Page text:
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first document compromising to the tion, nay, with direct sabotage, from German Government which he se- the Right and the Left, and with lected for publication was a letter scant understanding among the Wesfrom the Kaiser to the Czar, com tern Allies. His attempt broke down. plaining of the asylum accorded to Then came Trotski's day and burrevolutionaries in Great Britain, and den. With him and the Bolsheviki proposing joint representations on the strangest factor has entered the that subject. Trotski thus reminded war-a belligerent power to whom his comrades of the time when Prus- war on national lines has neither sia had offered itself as an assistant sense nor meaning. The only war to their hangmen, and when it was which they understand is between Prince Bülow, not the Morning Post, classes, and that war knows no who sneered at “Silberfarb” and frontier. It is not peace which they “Mandelstamm”! Not even our most carry to the world but strife; they God-forsaken official underlings with are militants, but in a different dia flair for the psychological moment, mension. Could Trotski raise, arm, when petty chicanery creates the and officer a sufficiently big army he maximum of irritation, can alto. would menace, not the Central Powgether wipe out the memory of those ers alone but all the bourgeois govother days.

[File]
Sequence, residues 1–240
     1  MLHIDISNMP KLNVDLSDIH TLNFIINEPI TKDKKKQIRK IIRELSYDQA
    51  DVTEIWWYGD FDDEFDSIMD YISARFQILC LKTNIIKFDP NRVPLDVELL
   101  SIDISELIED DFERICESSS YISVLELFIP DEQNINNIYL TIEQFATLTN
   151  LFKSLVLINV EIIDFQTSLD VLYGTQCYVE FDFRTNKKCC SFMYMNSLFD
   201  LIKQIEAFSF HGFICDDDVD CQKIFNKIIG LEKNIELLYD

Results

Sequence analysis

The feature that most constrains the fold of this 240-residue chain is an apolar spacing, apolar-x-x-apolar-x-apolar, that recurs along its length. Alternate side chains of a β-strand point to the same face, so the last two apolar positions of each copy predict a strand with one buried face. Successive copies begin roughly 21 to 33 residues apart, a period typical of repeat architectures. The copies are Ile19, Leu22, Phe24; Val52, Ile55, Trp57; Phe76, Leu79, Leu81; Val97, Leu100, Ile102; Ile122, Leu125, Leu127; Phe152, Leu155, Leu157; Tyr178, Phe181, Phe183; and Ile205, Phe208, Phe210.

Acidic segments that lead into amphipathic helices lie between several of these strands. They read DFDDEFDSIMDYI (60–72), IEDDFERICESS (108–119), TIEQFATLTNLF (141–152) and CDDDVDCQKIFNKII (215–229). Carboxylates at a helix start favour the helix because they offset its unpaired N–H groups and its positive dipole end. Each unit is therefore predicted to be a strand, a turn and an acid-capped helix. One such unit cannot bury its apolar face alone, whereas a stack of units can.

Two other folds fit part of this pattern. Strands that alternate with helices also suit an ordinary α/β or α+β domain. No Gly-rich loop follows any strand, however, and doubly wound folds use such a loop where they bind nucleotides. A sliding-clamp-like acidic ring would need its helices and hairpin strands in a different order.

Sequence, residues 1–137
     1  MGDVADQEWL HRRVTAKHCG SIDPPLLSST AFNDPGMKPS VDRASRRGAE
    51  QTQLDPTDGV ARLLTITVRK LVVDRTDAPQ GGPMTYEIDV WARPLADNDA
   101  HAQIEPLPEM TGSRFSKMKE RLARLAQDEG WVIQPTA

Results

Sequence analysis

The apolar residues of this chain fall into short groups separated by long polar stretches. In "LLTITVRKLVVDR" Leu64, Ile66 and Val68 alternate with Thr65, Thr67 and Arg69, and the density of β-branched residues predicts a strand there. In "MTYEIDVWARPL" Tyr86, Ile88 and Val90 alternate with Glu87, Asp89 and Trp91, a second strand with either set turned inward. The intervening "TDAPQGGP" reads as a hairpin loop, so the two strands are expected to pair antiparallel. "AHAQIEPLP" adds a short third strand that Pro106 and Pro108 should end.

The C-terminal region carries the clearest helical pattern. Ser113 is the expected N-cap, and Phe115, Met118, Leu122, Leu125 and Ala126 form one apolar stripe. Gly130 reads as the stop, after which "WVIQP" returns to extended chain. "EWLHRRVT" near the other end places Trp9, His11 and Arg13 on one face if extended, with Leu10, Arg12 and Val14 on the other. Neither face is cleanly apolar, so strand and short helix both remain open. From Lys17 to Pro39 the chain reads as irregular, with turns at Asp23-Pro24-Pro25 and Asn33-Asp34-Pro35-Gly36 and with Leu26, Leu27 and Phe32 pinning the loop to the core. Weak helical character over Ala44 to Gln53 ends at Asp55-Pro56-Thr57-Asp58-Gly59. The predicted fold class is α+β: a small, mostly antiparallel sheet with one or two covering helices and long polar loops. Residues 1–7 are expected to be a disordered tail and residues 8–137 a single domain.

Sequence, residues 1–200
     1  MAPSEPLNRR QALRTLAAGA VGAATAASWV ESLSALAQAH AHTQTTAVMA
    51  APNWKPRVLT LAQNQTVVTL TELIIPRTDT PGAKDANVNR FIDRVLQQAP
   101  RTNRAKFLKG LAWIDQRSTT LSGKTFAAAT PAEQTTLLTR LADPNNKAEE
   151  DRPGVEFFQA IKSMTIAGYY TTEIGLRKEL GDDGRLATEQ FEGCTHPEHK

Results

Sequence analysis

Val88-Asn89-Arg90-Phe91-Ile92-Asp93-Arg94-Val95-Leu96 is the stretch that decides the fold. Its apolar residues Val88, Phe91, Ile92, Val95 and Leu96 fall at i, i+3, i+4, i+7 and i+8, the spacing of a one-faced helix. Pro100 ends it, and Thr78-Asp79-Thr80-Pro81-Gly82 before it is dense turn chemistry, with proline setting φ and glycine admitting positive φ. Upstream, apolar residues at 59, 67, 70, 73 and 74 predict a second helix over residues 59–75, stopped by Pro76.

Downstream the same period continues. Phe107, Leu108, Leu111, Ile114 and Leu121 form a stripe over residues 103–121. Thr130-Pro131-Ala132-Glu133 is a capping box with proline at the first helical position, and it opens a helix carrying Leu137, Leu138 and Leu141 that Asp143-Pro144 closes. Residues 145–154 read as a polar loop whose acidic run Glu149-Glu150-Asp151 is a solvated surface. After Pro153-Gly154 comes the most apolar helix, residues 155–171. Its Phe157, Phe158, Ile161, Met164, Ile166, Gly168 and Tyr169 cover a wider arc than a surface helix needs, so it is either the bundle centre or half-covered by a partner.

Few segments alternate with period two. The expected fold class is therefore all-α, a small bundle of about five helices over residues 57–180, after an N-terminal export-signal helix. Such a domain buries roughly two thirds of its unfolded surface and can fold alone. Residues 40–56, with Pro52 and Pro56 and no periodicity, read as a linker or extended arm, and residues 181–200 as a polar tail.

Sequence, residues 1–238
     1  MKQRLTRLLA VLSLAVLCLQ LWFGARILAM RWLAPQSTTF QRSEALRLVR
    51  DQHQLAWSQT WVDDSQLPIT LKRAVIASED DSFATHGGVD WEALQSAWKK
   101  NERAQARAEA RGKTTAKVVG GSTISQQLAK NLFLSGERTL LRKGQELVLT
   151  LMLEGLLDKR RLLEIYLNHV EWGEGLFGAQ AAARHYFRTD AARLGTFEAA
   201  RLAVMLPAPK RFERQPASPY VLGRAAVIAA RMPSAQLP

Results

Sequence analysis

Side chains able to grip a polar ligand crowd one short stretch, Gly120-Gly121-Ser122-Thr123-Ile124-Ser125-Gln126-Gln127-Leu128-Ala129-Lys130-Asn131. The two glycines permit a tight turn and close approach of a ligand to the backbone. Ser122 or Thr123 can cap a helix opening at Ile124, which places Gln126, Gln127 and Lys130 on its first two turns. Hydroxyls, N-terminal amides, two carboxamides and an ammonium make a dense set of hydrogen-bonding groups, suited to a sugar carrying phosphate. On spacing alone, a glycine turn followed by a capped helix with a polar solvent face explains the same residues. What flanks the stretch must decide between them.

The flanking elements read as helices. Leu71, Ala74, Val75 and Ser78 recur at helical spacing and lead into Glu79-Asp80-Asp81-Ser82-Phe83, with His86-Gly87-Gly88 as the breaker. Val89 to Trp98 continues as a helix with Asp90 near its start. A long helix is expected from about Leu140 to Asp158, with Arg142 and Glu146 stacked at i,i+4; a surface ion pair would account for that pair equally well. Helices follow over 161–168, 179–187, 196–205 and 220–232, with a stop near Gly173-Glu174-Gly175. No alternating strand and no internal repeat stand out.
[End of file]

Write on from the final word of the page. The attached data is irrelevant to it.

ernments of the world; though he The pre-revolutionary opposition would probably try to avoid fighting in the Duma was political; the revo their armies in battles which indislution which broke out in the streets, criminately sacrifice bourgeois and social. The Cadets aimed at consti. proletarians. He naturally demands tutional reform and at a more efficient complete self-determination for all prosecution of the war. They could nationalities throughout the worldnot give the sign for active revolt lest which implies, among other things, it should interfere with the conduct the end of German imperialism, the of the war. The revolution was made complete disruption of the Habsburg by men to whom the war was not the Monarchy and of the Turkish Emfirst concern. The Cadets joined it pire (one has to come to England to after the day was won. The peas. find socialists or “democrats” who antry and army cried out for land from sheer controversial perversity and peace. The Cadets desired to go become champions of such dynastic on with the war till victory was won creations!). But to Trotski self-deand to check social revolution. These termination is merely one aspect were two irreconcilable programmes. of a much wider problem. “Why Kerenski tried to reconcile them. should people object so strongly to He wanted all classes to unite, to the dominion of one nation over anoffer.sacrifices and to have confidence other," the Bolshevik would say, in each other. The masses were to "and yet within the same nation adsubmit to the leadership and dis- mit that one man should be born in cipline of the educated bourgeoisie, economic subjection to another man? suffer yet further in a war of which Why talk about 'submerged nationthey hardly understood the meaning, alities' and be silent about suband trust to the upper classes not to merged classes?” To the Bolsheviks use in future their regained power the different ideas of possession and for preventing the social revolution. dominion are but parts of one orThe upper classes were to work cheer- ganic whole of which the vital nerve fully, viewing with equanimity the may be destroyed by a violent blow, certain doom in store for them on but which it is almost impossible the conclusion of peace. Kerenski's to transform by degrees. Evolution endeavours were met with opposi. comes after revolution to eliminate the moribund forms by a gradual unfold, Trotski has to face the Teu. process. That is why systems sur tonic power. It would seem that he vive revolutions and yet cannot be is at their mercy. And yet a dark killed apart from revolution. As fear haunts his opponents. There is Grillparzer put it in 1848, referring the suffering and despair of their to the constitutional problem raised own peoples, their craving for peace, by the French Revolution: